That's an interesting definition, could you cite, where you got it from?
It's the old-school definition, the definition one uses to become or remain wealthy. The means of production are really the only thing that has value by something other than convention.
it totally ignores non-productive wealth, such as precious metals, Bitcoins, intellectual property, and currency. By your definition, an owner of, say, a shoe-repair shop is richer than a guy with a $10 mln bank-account...
Many things have value, but not all valuable things are wealth. Roughly speaking, you have:
* "bling" - stuff that costs significant money to maintain, like a fancy car
* parked money - non-productive land, gold, safe loans, etc
* speculative gambling
* wealth - ownership of the means of production
Wealth is the thing that (long-term average) grows over time. Everything else is a (risk- and inflation-adjusted) loss on average. For centuries, wealth was "assets that produce income", which was basically only farmland. Land was valued not by it's purchase price (a newer notion than you'd think) but by its annual income. As economy theory grew up, "the means of production" became the more clear concept.
Note that there's a useful notion of wealth that includes your labor - you have a sort of inherent wealth because you can be productive. Sometimes that's a very useful notion of wealth.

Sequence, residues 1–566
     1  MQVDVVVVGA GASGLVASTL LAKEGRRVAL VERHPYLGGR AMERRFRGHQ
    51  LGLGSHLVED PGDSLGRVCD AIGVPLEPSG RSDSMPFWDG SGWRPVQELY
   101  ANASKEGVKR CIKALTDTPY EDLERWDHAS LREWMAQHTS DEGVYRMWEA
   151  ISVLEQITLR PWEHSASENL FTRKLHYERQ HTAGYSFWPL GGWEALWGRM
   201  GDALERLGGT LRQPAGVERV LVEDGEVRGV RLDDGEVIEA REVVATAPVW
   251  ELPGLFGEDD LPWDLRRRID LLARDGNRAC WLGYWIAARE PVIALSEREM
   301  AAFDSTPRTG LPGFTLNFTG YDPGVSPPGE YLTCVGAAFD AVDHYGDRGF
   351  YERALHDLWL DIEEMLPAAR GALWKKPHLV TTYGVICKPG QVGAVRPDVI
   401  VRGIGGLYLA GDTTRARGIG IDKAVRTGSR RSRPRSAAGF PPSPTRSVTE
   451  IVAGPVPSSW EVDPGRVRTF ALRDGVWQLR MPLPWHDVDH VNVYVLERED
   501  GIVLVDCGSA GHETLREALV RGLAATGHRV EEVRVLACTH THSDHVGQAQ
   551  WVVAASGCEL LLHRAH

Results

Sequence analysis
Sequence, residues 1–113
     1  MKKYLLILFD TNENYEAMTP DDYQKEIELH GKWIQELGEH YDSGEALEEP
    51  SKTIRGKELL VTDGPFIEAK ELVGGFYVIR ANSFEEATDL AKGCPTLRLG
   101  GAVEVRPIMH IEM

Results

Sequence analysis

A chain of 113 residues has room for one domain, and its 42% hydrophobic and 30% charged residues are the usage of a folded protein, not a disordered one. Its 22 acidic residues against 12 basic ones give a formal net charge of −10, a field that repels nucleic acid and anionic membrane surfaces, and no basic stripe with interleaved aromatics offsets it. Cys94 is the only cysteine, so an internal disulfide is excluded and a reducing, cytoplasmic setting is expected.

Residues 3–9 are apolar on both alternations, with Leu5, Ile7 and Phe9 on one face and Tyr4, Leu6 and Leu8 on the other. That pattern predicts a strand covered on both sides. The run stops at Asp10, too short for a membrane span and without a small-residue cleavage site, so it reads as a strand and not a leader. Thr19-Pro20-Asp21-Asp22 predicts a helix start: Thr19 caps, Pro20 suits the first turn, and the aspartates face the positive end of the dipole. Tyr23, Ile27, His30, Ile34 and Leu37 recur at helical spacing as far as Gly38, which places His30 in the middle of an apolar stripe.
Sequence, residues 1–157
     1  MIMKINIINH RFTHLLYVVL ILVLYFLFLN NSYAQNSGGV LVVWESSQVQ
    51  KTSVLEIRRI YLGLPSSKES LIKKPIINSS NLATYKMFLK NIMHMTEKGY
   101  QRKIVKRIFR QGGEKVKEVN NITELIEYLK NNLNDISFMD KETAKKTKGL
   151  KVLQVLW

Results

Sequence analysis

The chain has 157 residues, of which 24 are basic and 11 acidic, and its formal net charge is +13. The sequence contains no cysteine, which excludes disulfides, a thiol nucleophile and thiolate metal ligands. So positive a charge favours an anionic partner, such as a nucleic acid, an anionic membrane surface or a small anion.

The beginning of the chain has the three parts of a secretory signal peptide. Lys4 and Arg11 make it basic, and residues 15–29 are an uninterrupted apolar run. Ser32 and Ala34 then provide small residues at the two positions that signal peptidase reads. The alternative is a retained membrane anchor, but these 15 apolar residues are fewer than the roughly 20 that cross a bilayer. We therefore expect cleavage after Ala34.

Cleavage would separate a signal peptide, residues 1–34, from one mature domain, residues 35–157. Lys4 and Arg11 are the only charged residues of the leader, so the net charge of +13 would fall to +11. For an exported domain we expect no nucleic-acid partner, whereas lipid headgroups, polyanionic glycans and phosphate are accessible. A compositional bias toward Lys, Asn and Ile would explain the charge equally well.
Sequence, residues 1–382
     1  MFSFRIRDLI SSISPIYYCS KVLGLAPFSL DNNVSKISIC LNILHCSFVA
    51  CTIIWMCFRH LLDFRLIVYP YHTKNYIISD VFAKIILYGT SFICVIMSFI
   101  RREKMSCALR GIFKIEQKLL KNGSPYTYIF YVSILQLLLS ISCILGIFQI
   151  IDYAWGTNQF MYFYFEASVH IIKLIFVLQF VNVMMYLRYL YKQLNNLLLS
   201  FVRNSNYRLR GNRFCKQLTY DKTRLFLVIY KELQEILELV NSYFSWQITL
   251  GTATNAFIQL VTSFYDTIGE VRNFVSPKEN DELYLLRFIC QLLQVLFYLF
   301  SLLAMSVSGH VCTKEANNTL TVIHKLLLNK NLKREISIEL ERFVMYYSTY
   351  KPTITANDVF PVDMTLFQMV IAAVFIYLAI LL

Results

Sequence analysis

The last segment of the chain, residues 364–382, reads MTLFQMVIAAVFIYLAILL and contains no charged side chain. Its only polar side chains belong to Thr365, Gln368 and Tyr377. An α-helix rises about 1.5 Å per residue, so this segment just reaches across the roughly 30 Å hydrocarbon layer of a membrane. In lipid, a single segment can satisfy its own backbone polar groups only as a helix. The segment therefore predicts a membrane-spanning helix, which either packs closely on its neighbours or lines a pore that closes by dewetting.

Which means, that whoever earned those dollars lost some of their value. Where did it go
They had value only by convention and that convention changed.
Now, it is not tax on all forms of wealth, merely on savings held in dollars.
Assuming you shop around for savings accounts (instead of just getting taken by the place you happen to have a checking account with), you can consistently get a bit less interest than inflation. When inflation rises, the interest rate for the best savings accounts will rise as well (ditto new CDs). Rising inflation shouldn't really be a tax on savings, except people are too lazy to move their savings if needed when rates rise and banks take great advantage of this.
Of course, all that's out the windows when US savings interest rates hit the legal maximum of 5.25%, but that's how euro-dollars came to be (dollar savings accounts at a European bank - all the rage in the Carter years).